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Towards a polio-free world: Seychelles introduces injectable polio vaccine

Victoria, Seychelles | September 1, 2015, Tuesday @ 18:26 in National » HEALTH | By: Salifa Magnan and Sharon Uranie | Views: 5070
Towards a polio-free world: Seychelles introduces injectable polio vaccine

Four-month old Ariah Saleh Ibrahim Abdoulaye was the first baby in Seychelles to be administered with the injectable polio vaccine this morning. (Salifa Magnan, Seychelles News Agency)

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(Seychelles News Agency) - Seychelles, an Indian Ocean archipelago of 115 islands with a population of around 93,000 people has joined global efforts to introduce a new form of polio vaccine, the Injectable Inactivated Polio Vaccine, (IPV).

As of today September 1, four-month old babies due for their second dose of the polio vaccine are being administered with the IPV alongside the existing Oral Polio Vaccine (OPV).

The Oral Polio Vaccine (OPV) has for many years been the primary tool used in the global polio eradication effort. According to World Health Organisation figures, this has helped reduce global polio cases considerably, by more than 99 percent since 1988 when the eradication campaign was launched.

Adding one dose of the IPV to multiple doses of OPV is being viewed by health experts as the most effective method available to protect children.

“The OPV is a live vaccine and therefore there is this side effect were some children, 3 out of 1 million dose, will have paralysis as a result of the vaccine. It is very rare and is so uncommon but this side effect is not tolerable. We do not want to expose children to these risks,” the WHO Liaison Officer in Seychelles Dr. Cornelia Atsyor, explained to SNA.

As of today September 1, four-month old babies due for their second dose of the polio vaccine are being administered with the IPV alongside the existing Oral Polio Vaccine (OPV). (Salifa Magnan, Seychelles News Agency) Photo License: CC-BY

The global introduction of the IPV, which will involve 126 countries including Seychelles with a targetted implementation date of the end of 2015, is expected to lay the foundation for the eventual withdrawal of all OPV vaccines from the respective countries' routine immunization programme.

However, this will only be possible once the poliovirus has been completely eradicated in the few remaining polio-infected countries, namely Afghanistan and Pakistan. Nigeria is the last African country, which achieved the one-year polio free status in July this year.

A highly-infectious disease, Poliomyelitis, more commonly known as polio is transmitted by person-to-person, spread mainly through the faecal-oral route, predominantly affecting young children.

The virus which exists in three strains then multiplies in the intestines and from there invade the nervous system and as a result can cause paralysis.

Eradication of the virus started in 1988 when more than 350,000 cases were registered. By 2013 this number had drastically gone down to 416 cases.

Regardless of the progress, polio-free countries are still at risk of re-infection due to globalization, whereby the virus can be transported through travels between infected and non-infected countries.

According to WHO, the last case of Polio in Seychelles was registered in 1966.

Newborns in the Indian Ocean archipelago were until today being administered with OPV at the ages of 3, 4, 5 and 18 months after which they receive the drop once more at the ages of 6 and 15 years.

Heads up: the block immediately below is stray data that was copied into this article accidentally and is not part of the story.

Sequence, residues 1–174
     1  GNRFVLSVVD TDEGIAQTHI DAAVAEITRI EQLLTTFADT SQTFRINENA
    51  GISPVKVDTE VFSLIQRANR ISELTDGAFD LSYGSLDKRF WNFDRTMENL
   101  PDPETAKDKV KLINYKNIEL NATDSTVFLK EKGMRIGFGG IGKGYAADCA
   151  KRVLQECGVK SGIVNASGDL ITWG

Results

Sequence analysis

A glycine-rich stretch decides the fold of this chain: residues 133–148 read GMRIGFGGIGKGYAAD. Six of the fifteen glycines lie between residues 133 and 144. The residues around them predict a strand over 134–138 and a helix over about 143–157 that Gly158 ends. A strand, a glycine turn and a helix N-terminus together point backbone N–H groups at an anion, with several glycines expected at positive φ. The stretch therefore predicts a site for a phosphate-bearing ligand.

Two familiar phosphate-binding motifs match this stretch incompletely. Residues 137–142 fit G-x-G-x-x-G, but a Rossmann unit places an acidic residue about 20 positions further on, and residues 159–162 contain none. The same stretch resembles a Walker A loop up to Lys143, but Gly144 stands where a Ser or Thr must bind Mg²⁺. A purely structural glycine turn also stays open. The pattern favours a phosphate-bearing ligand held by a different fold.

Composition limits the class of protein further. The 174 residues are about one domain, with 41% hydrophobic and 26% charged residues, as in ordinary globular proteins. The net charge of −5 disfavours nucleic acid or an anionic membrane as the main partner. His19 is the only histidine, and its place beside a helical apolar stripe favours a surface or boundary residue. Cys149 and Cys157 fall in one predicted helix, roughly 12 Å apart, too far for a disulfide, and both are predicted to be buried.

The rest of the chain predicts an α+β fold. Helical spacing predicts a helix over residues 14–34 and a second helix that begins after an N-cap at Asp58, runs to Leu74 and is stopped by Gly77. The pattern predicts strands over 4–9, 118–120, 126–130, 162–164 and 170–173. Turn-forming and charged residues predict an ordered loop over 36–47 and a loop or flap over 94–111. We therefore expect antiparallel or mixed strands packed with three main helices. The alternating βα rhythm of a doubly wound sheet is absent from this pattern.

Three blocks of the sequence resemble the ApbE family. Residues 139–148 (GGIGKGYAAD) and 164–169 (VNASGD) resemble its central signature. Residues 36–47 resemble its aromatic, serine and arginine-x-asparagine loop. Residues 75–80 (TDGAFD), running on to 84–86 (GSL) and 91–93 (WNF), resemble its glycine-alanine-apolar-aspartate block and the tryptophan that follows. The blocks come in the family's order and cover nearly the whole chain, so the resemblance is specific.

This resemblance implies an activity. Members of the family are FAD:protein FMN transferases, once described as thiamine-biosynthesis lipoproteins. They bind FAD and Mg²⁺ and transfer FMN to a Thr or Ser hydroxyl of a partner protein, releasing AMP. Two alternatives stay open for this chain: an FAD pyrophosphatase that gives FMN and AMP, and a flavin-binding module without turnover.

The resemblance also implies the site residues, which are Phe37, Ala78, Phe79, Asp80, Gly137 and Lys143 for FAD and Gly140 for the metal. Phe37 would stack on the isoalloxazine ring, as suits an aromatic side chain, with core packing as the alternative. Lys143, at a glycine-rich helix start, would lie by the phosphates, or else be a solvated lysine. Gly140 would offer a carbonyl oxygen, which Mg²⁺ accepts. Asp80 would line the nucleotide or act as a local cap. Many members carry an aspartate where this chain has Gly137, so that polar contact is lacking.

With the introduction of the new vaccine, it is only at four months that babies in Seychelles will be administered with the IPV, while at 3, 5 and 18 months and then at 6 and 15 years only the OPV dosage will be given until the OPV is withdrawn completely.

To better prepare health care providers working in the maternal and child health section, namely nurses, the Seychelles Health Care Agency has received the help of WHO to organize training to educate them on the need to introduce the new polio vaccine and the way it has to be administered.

“We trained 2 batches of nurses [32 in total] during the 2 day training sessions. It went well and most of them [the nurses] said that they feel confident to introduce the IPV at the health facility level,” said Florida Bijoux, the Expanded Immunization Program Manager, at the Ministry of Health. 

Sera Desir is among 32 nurses in Seychelles who have been trained to introduce the new polio vaccine as part of the country's immunization programme. (Salifa Magnan, Seychelles News Agency) Photo License: CC-BY

Apart from polio, the Seychelles immunization programme provides for the protection of children against a wide range of diseases from yellow fever, tuberculosis, hepatitis B, measles, and tetanus among others.

Most recently with the help of WHO, the Pentavalent Vaccine which is a 5-in-1 vaccine against Diphtheria, Whooping Cough (or Pertussis), Tetanus, Hepatitis B and Haemophilus Influenza was also introduced among infants.

Vaccination against Human Papilloma Virus (HPV) which is the common cause of cervical cancer was also introduced last year, targeting 10 to 11 year old girls.

“We are in the process of introducing more vaccines such as the rotavirus vaccine which is against diarrhea and the pneumococcal vaccine [against the Pneumococcal disease] which causes brain and lung infection in children,” Dr Atsyor told SNA.

“The introduction will be evidence based. We don't want to introduce it when we do not have the budding of disease outlined to really convince the public and policy makers about the importance of the introduction.” 

 

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Tags: WHO, polio, immunization programme, Oral Polio Vaccine, Injectable Inactivated Polio Vaccine

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